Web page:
Set in the the second world war in the WAAF (Women’s Auxiliary Air Force), the ten ‘girlfriends’ are carrying out admin duties, parachute packing and tea making. We have just two airmen representing the RAF and one of them is caught in a love triangle with best friends Amy and Louise (the other one is trying hard to get laid). The former is toff Guy and the latter Welsh boy Gareth (co-incidence). Everything is told in song – there’s next to no dialogue – which often makes it feel more of a song cycle than a musical. The lack of a good book is its flaw (according to Goodall, Richard Curtis no less added to his research notes with ‘a rambling inventive script’) but the music is glorious.

The vocals here really are beautiful, in solos and ensembles with overlapping melodies. You don’t often here ten women’s voices in harmony and it’s a lovely sound, but the mens contributions, equally good vocals, provide some necessary colour and contrast. The accompaniment of two keyboards, winds and double bass under MD Freddie Tapner ( a professional debut!) is also excellent. The singers and players all do full justice to Goodall’s score and they look like they are having the time of their lives. Bronagh Lagan’s simple staging, with inventive movement and choreography by Iona Holland, suits the piece well. Nik Corall’s design focuses more on costumes than set and you know you’re in the forties by the girls hairdos alone!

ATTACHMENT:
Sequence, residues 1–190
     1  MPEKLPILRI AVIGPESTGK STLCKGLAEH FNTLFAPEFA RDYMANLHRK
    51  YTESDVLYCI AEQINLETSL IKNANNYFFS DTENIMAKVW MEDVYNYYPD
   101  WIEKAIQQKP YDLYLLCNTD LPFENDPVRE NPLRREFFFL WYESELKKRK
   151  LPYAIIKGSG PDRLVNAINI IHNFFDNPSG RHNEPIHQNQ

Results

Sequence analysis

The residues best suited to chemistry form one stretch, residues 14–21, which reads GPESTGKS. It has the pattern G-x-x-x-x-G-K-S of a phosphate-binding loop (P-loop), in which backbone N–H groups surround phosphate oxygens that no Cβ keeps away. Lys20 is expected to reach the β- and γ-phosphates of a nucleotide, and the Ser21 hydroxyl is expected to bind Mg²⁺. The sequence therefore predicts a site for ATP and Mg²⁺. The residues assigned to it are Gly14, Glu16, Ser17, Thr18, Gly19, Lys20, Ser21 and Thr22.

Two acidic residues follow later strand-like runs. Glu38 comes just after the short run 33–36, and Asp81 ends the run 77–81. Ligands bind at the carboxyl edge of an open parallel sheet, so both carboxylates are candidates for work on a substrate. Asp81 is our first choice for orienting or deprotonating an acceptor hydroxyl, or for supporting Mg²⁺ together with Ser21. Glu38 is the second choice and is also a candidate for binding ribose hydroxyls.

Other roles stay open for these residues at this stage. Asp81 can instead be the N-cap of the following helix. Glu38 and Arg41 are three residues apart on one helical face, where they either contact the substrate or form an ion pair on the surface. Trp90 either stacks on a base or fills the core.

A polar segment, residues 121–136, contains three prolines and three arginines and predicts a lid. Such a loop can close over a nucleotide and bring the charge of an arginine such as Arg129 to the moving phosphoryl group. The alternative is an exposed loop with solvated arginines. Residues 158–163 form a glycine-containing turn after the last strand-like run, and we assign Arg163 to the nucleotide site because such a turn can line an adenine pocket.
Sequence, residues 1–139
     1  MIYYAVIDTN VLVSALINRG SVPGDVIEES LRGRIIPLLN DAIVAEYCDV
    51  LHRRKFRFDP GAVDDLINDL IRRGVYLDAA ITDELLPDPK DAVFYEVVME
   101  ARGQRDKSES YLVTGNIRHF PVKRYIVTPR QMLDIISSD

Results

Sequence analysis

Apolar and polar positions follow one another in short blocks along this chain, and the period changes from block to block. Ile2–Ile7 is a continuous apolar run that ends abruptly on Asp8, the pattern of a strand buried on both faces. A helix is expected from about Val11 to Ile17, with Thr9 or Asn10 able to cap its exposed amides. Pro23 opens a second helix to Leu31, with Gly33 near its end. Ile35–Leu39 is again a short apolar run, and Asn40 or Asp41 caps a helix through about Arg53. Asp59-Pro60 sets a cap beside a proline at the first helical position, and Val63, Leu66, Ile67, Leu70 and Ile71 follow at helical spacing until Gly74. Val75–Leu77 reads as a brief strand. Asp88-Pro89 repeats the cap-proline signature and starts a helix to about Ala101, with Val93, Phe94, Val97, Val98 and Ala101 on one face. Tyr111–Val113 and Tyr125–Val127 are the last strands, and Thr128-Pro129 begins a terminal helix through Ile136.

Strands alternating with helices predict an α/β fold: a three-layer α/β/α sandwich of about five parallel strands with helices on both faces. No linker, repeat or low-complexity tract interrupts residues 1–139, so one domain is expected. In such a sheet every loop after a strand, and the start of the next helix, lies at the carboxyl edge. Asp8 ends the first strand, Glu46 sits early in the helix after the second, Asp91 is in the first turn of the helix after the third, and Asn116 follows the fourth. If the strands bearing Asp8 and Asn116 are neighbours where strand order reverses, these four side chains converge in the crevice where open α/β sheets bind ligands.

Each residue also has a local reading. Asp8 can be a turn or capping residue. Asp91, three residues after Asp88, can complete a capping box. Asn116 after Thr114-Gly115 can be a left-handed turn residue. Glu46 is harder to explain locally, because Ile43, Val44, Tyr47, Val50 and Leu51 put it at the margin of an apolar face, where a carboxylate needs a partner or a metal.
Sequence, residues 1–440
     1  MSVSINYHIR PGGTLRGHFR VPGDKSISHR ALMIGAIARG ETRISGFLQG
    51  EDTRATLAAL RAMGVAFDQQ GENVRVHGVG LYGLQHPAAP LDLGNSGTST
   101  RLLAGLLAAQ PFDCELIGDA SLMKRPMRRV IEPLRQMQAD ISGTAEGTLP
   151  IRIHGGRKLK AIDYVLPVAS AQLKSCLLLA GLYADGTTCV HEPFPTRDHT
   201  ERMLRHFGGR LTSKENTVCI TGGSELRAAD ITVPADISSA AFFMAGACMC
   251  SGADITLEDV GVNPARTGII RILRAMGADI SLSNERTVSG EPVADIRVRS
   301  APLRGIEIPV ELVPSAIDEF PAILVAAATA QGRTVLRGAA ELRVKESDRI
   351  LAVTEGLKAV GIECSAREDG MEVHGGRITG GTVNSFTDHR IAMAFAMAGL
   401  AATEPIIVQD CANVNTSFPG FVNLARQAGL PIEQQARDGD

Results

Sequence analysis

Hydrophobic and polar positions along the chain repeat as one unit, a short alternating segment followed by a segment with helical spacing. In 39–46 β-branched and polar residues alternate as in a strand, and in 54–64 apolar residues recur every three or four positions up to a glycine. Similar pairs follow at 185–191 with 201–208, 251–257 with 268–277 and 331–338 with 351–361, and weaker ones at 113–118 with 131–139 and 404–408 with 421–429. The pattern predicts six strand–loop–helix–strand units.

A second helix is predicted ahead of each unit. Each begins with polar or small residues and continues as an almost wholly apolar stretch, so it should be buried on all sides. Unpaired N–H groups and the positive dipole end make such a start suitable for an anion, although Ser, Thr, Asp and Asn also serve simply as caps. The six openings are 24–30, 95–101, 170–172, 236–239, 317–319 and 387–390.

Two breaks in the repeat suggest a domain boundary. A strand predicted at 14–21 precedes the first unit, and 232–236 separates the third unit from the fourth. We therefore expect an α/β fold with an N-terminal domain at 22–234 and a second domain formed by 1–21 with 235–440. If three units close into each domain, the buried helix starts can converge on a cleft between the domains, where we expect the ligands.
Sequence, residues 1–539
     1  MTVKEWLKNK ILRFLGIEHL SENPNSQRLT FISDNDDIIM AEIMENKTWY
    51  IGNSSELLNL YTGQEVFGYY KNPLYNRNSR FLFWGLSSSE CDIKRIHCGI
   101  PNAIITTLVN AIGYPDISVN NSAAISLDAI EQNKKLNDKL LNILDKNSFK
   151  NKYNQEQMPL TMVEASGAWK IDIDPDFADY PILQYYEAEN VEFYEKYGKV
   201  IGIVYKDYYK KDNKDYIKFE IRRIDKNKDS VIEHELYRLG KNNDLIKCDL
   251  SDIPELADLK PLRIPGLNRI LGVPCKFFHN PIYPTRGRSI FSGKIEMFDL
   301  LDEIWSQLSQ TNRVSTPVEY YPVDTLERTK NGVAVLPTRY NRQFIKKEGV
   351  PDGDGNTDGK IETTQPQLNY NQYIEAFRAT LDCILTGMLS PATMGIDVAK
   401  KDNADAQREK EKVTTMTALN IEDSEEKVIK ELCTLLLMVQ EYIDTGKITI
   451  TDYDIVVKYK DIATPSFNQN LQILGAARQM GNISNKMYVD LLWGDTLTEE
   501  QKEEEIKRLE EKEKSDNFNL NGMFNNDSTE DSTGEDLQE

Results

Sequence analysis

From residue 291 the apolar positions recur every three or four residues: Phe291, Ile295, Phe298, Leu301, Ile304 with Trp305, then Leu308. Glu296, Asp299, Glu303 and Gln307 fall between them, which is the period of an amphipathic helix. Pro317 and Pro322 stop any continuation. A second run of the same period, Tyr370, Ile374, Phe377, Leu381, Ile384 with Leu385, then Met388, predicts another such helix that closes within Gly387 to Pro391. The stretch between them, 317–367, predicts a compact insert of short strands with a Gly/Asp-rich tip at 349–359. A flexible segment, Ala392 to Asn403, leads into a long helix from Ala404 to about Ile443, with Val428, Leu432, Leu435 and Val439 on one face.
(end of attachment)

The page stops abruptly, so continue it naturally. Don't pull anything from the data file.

It’s great to see this year’s Sondheim Student Performer Award winner Corrine Priest, who made an excellent contribution to the society’s ‘God’ revue, making such a terrific impression in the leading role like Amy, and Perry Lambert is an equally impressive the other leading lady Lou. Both of the boys, Tom Sterling and Michael Ress (a real Welshman, thankfully!), have exceptional voices and act brilliantly. There isn’t a weak link in this young, hugely talented cast.

Though I missed the first show because of my travels, this has been a fabulous Howard Goodall season, so I will end by placing my order for 2015…….Dear Sasha & Howard, the London premiere of Two Cities, please. Thank you. Love, Gareth.

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I haven’t read Erich Segal’s book and I never saw the film, but I fell in love with this Howard Goodall / Stephen Clark musical adaptation when I first saw it at the Minerva Theatre in Chichester and then invested in its West End transfer. This first London revival proves that a show as good as this only needs fine performers and musicians, which is exactly what director Sasha Regan has for her simple, delicate and moving production.